He was initially diagnosed on July 7, 2008.  Prior to his diagnosis, Aidan was diagnosed with a receptive expressive language delay in 2007 by a private speech and language pathologist.  (I often look back and joke that I mourned the language delay, not the autism diagnosis.)  When I first started this process/journey (many of us call it a journey that is never-ending), I did not know anyone who had a child with Autism.  I had no clue how to navigate the system.  Thank God, people were brought into my life, who assisted me in learning about this process, even if it was a small pieces, like “you need an advocate”. I would follow up with everyone I could possibly think of…this is how I operate, this is who I am.

Now, I look back, and think about how far we have come.  Aidan is now saying hello spontaneously – not just to me, but to other people.  We were in the Whole Foods about a week ago, and Aidan spontaneously said “Oh hi” to a lady and her daughter.  And the lady smiles and said hello back.  I can remember him not saying anything.  I can remember his backwards wave, where he would wave to other people, but his palm would face himself.  He would see everyone else’s palms when they waved, so he thought that he was waving correctly.

Maya photographed us on three separate occasions: during Aidan’s weekly therapeutic horseback riding session, at our bi-monthly Autism Buddies program, and lastly, in our home.

Prior to mounting the horse, Aidan’s favorite grooming activity is using the hoof pick to clean the horse’s hoofs.  Aidan wants to get on the horse almost immediately, and gets impatient with telling his instructor whether the girth is tight or loose.  We stay consistent and ask him every week though.  Once on the horse, Aidan settles in.   Of course there is the occasional hand flapping or his infamous “hand puppets” when there the instructor and aides (which includes myself) need to take a break and reset.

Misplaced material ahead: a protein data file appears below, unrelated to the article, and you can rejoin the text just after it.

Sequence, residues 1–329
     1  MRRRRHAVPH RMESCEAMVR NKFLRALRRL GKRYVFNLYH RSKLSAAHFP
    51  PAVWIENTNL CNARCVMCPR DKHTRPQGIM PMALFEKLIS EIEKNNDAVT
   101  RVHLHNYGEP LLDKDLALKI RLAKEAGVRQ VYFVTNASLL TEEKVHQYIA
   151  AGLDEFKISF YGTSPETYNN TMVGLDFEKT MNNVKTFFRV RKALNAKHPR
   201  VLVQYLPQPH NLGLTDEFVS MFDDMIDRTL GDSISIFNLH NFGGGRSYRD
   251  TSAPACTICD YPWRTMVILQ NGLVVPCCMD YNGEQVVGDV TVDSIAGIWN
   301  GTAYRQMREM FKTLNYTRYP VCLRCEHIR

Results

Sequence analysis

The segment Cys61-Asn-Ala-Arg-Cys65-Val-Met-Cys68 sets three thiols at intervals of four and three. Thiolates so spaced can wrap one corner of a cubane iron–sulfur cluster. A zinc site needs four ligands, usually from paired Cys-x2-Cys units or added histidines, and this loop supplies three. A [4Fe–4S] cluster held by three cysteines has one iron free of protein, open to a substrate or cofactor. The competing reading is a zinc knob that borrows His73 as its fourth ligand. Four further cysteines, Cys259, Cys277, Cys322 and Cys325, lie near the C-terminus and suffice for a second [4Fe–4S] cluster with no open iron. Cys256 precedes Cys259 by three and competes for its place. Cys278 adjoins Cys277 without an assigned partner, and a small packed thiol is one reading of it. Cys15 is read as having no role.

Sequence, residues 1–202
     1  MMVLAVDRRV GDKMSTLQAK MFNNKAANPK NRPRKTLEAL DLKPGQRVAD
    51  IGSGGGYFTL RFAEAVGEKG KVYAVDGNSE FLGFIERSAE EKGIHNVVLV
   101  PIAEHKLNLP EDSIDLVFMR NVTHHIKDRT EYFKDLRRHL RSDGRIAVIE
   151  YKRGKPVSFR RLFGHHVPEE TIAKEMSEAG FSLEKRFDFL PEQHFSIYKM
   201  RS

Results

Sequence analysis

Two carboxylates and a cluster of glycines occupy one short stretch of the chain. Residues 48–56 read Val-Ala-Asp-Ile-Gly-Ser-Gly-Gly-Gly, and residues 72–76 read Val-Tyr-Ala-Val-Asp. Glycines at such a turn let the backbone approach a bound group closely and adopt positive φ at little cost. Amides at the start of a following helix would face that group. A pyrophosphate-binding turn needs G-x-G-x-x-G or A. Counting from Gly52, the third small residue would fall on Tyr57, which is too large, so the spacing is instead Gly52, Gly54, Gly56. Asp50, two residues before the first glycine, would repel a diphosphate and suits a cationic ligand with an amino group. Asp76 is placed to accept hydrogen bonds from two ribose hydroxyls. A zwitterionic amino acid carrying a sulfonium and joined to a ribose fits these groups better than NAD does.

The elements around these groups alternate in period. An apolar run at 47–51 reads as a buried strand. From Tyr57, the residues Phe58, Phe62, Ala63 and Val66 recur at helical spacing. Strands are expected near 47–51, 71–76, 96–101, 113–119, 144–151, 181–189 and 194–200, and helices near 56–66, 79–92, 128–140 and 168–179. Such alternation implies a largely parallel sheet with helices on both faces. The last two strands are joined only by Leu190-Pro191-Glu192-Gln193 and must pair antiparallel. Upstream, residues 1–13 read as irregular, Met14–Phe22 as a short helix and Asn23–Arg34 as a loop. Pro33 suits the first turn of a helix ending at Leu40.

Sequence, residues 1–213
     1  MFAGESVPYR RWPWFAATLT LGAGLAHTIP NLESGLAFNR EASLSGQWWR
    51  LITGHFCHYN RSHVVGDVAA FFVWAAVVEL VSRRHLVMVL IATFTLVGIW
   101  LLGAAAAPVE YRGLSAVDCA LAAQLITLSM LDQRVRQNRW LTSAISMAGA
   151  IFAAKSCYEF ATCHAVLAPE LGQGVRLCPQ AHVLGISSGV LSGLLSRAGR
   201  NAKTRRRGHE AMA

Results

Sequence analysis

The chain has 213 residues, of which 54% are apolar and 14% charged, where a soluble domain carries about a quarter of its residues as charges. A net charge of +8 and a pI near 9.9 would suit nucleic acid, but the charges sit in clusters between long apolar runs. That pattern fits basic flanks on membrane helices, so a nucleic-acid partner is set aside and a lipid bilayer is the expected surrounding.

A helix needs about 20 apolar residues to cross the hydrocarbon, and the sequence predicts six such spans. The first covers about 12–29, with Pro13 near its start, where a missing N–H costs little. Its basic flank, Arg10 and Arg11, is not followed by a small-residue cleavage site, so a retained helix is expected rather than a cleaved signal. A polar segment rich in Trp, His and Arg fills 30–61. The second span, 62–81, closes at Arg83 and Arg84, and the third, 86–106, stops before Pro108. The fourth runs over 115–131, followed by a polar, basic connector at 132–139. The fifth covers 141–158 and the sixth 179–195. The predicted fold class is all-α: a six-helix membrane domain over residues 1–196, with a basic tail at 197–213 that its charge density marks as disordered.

[Note the “hand puppets” that Aidan uses, just like my son Max. I am stealing this term from Yetta.]

Aidan has been receiving riding lessons for a number of years now and has come a long way.  He now knows which day of the week we have his lesson, and will even say to my mother when he gets home from school “ride the horse”.  He is so excited that he often puts his helmet on while I am driving to the lesson.

[I love what these images illustrate, which is the fact that our children – once diagnosed, and if lucky enough to have parents with the resourcesare literally surrounded by a team of therapists, aides, doctors, babysitters, etc. We create our own village and turn to all of these people for expertise…and for their shoulders. I am continually amazed by the sheer number of people who have been brought into our lives via autism.]

During a session, Aidan does a series of stretches to get him ready for the ride.  Aidan now kicks the horse and tells the horse to walk and to trot.  It took us forever to teach Aidan to kick with both legs!  He would kick using one or the other but not both at the same time.  But now he does kick with both legs and this is a great accomplishment!  I am still amazed!  Aidan is a great kid!  He makes great strides every day!

[Aidan’s riding therapist is in high demand. Apparently people wait for years to get the chance to work with her.]

Aidan will also turn around on the horse to ride backwards, which provides another form of sensory input and balance challenges.  (Aidan only likes to turn around when the horse is still or moving, as he does not feel comfortable doing this while stopped.)